frequently asked questions : part two

Feeding your little ones can be a daunting time and with the abundance of conflicting information available, it can also be a confusing process.  I hope these questions will help guide you in this exciting journey with your little one.


Question 1 – What time of the day is the best to start introducing solids?

The best time of the day to start offering solids to your baby is when your baby is most alert and awake and in a good happy space.  You want to try avoid introducing solids when your baby is too tired or too hungry or too full from a milk feed.  During the beginning stages, you do not need to worry too much about introducing at breakfast or at lunch time for example.  Choose a time of day that is best on that particular day.  The best time would be in between sleep time and in between milk feeds so that you can ensure your baby isn’t too tired, too hungry or too full.

This applies to mom and dad too.  In the beginning stages, you do not need to worry too much about routine and if you having a busy day, skip that day and introduce again the following day.  You will find that naturally a routine will develop where you offer 1 meal a day, to two meals a day, to 3 meals a day as food will be introduced in accordance with current routine, milk feeds and sleep time.

Question 2 – Must I introduce one food at a time or can I offer a combination? 

The commonly recommended first foods are vegetables and fruits which are low allergenic foods.    They therefore have a low risk of inducing an allergic reaction.  Due to this, some guidelines recommend starting with a vegetable mix such as green veggie mix or orange veggie mix.  Although most babies will tolerate the veggie mixes, the disadvantage of this is that if your baby does have a reaction, although unlikely, you will be unable to identify which food was the trigger food.  Due to this, some guidelines recommend starting with single vegetable or fruit and increasing from there.  Often parents feel conflicted in which way to go.  The best recommendation is to choose what you feel more comfortable with.  When I started introducing solids to my baby, I started with one vegetable or fruit at a time, and once I had introduced three or four, I combined the vegetables and fruits into mixes.  This worked well as also offered a new taste dimension from existing flavours.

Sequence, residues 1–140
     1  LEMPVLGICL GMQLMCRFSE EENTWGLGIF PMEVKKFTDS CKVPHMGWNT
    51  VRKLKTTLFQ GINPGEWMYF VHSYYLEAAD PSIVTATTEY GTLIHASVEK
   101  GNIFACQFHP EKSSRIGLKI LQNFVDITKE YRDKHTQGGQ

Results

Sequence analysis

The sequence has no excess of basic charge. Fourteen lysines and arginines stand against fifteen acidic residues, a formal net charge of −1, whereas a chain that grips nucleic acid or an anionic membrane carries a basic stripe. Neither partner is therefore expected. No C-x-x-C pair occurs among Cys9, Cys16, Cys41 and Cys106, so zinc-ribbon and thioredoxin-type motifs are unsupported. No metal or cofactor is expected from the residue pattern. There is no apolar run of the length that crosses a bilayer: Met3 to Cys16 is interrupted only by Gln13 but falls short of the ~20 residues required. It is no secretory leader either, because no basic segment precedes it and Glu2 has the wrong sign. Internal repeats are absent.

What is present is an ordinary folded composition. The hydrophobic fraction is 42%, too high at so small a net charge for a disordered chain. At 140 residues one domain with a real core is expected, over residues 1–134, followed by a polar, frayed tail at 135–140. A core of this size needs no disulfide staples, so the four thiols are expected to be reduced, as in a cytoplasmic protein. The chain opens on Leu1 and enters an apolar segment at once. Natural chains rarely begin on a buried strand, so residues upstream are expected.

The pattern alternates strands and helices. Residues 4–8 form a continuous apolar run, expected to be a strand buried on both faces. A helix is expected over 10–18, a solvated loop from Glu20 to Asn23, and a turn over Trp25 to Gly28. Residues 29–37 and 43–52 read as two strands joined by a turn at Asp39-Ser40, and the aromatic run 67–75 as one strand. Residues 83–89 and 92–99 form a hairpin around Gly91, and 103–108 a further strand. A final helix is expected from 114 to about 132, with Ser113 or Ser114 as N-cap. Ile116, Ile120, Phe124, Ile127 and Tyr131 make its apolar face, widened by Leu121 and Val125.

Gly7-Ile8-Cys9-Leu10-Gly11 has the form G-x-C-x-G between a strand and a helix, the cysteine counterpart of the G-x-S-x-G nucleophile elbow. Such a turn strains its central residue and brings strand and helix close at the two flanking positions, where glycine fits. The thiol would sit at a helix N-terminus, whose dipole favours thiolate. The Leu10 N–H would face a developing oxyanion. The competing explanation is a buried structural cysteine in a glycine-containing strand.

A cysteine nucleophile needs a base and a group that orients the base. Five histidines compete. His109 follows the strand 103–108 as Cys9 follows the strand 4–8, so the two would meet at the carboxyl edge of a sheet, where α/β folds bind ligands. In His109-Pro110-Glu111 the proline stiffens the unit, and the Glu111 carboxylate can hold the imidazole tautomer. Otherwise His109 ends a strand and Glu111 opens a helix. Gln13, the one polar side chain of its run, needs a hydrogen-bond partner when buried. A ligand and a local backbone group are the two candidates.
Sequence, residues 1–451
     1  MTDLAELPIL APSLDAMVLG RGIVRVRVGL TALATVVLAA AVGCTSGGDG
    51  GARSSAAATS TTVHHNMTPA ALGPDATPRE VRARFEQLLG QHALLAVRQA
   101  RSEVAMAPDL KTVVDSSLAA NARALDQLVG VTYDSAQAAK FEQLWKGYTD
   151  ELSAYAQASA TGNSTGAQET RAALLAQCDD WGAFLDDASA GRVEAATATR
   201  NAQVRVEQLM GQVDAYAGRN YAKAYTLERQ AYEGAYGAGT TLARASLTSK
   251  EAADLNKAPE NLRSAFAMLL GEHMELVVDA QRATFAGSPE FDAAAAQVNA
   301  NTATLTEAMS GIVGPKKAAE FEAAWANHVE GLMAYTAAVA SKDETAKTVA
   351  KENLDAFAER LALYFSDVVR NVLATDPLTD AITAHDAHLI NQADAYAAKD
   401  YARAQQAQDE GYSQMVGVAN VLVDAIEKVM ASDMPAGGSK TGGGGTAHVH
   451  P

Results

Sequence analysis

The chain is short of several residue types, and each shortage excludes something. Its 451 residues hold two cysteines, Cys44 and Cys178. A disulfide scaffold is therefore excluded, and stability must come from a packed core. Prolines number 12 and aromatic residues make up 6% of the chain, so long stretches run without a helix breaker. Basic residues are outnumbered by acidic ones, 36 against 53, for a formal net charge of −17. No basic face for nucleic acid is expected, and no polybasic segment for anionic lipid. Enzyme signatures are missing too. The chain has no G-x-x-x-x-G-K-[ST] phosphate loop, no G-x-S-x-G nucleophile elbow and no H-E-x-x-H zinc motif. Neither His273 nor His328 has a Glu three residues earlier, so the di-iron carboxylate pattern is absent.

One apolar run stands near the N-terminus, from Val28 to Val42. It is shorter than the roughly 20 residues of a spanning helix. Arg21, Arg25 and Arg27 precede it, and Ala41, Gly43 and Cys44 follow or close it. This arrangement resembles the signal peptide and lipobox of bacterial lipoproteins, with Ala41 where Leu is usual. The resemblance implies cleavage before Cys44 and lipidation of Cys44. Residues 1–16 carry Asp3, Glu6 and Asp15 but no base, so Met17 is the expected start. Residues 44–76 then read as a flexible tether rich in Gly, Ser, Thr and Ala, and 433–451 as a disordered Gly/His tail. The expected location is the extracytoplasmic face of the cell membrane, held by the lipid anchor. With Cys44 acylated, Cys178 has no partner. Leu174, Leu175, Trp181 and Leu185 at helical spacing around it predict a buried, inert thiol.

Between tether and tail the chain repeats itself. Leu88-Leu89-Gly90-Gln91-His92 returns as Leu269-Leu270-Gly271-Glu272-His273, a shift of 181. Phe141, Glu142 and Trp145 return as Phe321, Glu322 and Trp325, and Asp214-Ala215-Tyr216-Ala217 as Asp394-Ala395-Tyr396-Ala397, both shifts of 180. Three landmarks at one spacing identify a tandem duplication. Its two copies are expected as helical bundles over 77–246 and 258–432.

For proteins, as these are potentially allergic foods and can induce an allergic reaction, a new protein food should be introduced one at a time every two to three days.  Aim to introduce earlier on in the day (i.e. at breakfast or lunch) so that you can monitor your baby for a reaction.  Once established on the protein, you can move it to dinner and introduce a new protein at breakfast or lunch.  You do not however need to be nervous about introducing foods such as dairy, nut butters, eggs or fish.  Previous recommendations advised for potentially allergic foods to be withheld from the diet until later on as to “protect” the body from an allergy.  Newer research however contraindicates these previous recommendations and showed that withdrawing these foods could be more detrimental. 

If you have a strong family history of allergies and if your baby has an existing allergy, please chat further with your dietician.   

Question 3 – Where is the best place to feed my baby?

Traditionally, it was always recommended for babies to be fed in a feeding chair on the counter or table or in a high chair.  We do however want to promote sensory stimulation and social aspect at meal times.   Meals therefore do not need to limited to the feeding chair.  You can feed your baby on your lap or on dad’s lap. Meals do not need to be limited to the kitchen or dining room.  When age appropriate, sit on the floor with a blanket or even outside under the trees on a warm day.  Aim for family meal times together. 

It is important to ensure however that your baby is always well supported and sitting upright when being fed.

Question 4 – Should I encourage messy play?

It is important to always encourage your little ones to interact with food and experience messy play and to explore food.  Always offer some food for them to touch, taste and hold when age appropriate.  Do not worry regarding mess, the more they touch, smear and play with the food, the better!  It will probably end up everywhere, in their hair, up their sleeves or even behind their ears….your baby will love it.  Offer different textures such as avocado or banana and steamed broccoli or cauliflower.

If your baby is spoon fed, this can be offered in combination with a meal as to ensure your baby still gets a good nutritional intake. 

Question 5 – What milk can my baby progress onto after 1 year of age?

By one year of age, infants can be progressed onto full cream cow’s milk provided your child’s diet is varied and contains foods from all food groups (and your baby does not have an allergy to cow’s milk).  By 1 year of age as toddlers are eating a full diet, and due to dairy such a yoghurt and cheese being included in the diet, there is no longer a nutritional demand for milk feeds although by this age, most toddlers will still have a morning feed and bedtime feed.  Toddlers who are picky eaters, and those who eat a limited range of foods and or exclude food groups, may require a growing up milk as these are fortified with vitamins and minerals, and provide protein, iron and calcium, which can narrow the gap in the nutritional intake.   

If you are unsure whether your toddlers requires a growing milk, be sure to chat further with your dietician.

Wishing you all the best for your journey with your little ones. Remember to always be creative, create a positive environment around meal times, offer variety and keep it fun!

This article was written by Paediatric Dietitian Natasha MacDonald